Albany, NY —
Government reform groups say the next election cycle presents the best chance yet for redistricting reform that they say would put an end to gerrymandered state legislative districts.
State Senate and Assembly districts have traditionally been drawn by the political party that’s in power in each house, and they are engineered to secure seats for incumbent legislators. The process, known as gerrymandering, is named for a 19th century Massachusetts governor, Elbridge Gerry, who invented the practice. It has been perfected to an art form in New York.
Sometimes, individual legislative districts can take on rather bizarre formations in the attempt to assure that an incumbent politician has carved out the necessary configuration of voters.
New York Senate districts (NY Senate)
Blair Horner, with the New York Public Interest Research Group, and a longtime advocate of redistricting reform, has named some of his favorites, including “AKA the Claw” in northeast Nassau County, and “Abraham Lincoln riding a Vacuum Cleaner” in a district that ranges from parts of Central New York and the Hudson Valley, then veers north almost to the Canadian border.
Another was drawn to protect then incumbent GOP Senator Guy Velella, who represented an increasingly Democratic district in the Bronx, and labeled by Horner and others as “oops, I spilled the coffee on a map,” or “bug on a windshield.”
Even creative gerrymandering could not save Velella, though, when he was convicted of felony bribery and sentenced to prison, forcing him to resign his seat.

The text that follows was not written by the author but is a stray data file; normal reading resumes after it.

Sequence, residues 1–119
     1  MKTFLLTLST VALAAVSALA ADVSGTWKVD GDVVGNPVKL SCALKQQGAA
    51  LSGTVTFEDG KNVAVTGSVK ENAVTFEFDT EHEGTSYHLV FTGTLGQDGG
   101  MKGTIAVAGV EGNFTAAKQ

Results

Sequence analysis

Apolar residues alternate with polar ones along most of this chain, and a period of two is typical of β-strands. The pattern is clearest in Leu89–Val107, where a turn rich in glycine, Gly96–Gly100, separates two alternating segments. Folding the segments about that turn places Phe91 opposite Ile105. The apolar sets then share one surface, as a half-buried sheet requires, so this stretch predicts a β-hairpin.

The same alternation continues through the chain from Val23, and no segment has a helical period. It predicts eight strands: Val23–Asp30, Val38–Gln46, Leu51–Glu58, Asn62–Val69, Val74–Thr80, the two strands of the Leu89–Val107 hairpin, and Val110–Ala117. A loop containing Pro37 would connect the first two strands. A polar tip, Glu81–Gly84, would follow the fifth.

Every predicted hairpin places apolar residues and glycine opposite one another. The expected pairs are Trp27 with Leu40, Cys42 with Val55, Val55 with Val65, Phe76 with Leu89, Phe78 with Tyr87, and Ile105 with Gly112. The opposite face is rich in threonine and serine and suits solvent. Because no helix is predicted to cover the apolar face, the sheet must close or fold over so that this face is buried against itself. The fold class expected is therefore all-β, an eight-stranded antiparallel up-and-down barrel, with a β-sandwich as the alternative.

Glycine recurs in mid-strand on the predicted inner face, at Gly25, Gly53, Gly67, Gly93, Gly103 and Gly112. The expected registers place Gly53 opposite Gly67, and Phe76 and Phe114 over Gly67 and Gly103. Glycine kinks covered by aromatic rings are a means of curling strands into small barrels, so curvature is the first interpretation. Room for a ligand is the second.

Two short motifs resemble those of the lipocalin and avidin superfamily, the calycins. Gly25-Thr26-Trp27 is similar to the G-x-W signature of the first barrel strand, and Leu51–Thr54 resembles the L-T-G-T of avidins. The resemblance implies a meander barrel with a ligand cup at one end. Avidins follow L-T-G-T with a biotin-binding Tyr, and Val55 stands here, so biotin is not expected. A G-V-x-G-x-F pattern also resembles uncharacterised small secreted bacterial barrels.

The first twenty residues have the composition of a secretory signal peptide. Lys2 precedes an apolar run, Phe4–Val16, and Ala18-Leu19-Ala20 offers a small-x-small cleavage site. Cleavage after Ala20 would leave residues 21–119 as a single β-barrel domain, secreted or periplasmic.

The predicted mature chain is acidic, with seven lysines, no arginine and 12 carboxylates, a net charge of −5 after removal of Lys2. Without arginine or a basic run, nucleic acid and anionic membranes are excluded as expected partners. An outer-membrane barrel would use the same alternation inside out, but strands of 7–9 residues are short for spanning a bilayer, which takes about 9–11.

Now a new report by NYPIRG, endorsed by other government reform groups including Common Cause and Citizens Union, measures the effects of New York State’s long history of gerrymandering. It finds that districts that are supposed to contain roughly an equal number of voters can vary widely in size. For instance, each Senate district is supposed to contain around 300,000 people, but lawmakers give themselves a leeway of 10 percent. As a result, some districts can have 30,000 fewer voters than other districts. The study also found that just 25 of the 212 legislative districts can be considered competitive, with equal amounts of Democrats and Republicans. Most are skewed to benefit one of the two major parties. Horner says the efforts seem to have paid off from the incumbent lawmakers point of view, and in some 3,000 legislative contests held over nearly three decades, just 39 challengers knocked out a seated Senator or Assemblymember, which he calls a “problem.”
“We think that system needs to be changed,” Horner says.
New York State Congressional districts (nationalatlas.gov)
Barbara Bartoletti with the League of Women Voters says the redistricting process has so veered off course and that it has become the opposite of what it’s supposed to be. Instead of voters choosing their legislators, the sitting lawmakers get to pick their voters.
“They will draw these lines so that they get to pick their voters before the voters get to pick them,” Bartoletti says. “They’re called designer districts.”
The groups say there’s reason to hope for change when the new districts are drawn, in 2012. Many state lawmakers, including all 30 Senate Republicans have signed a pledge pushed by former New York City Mayor Ed Koch’s government reform effort, which promises to advocate for non partisan redistricting. And both major party gubernatorial candidates, Democrat Andrew Cuomo and Republican Carl Paladino, have promised to veto any redistricting plan that is biased toward either political party.
The NYPIRG's Horner says the new governor will have to “stick to his guns.”
The legislature is entitled to attempt to override any veto, but in what is likely to remain a closely divided Senate, it would be tough, Horner says, to get the minority party Senators to vote for an override that would essentially draw them out of office.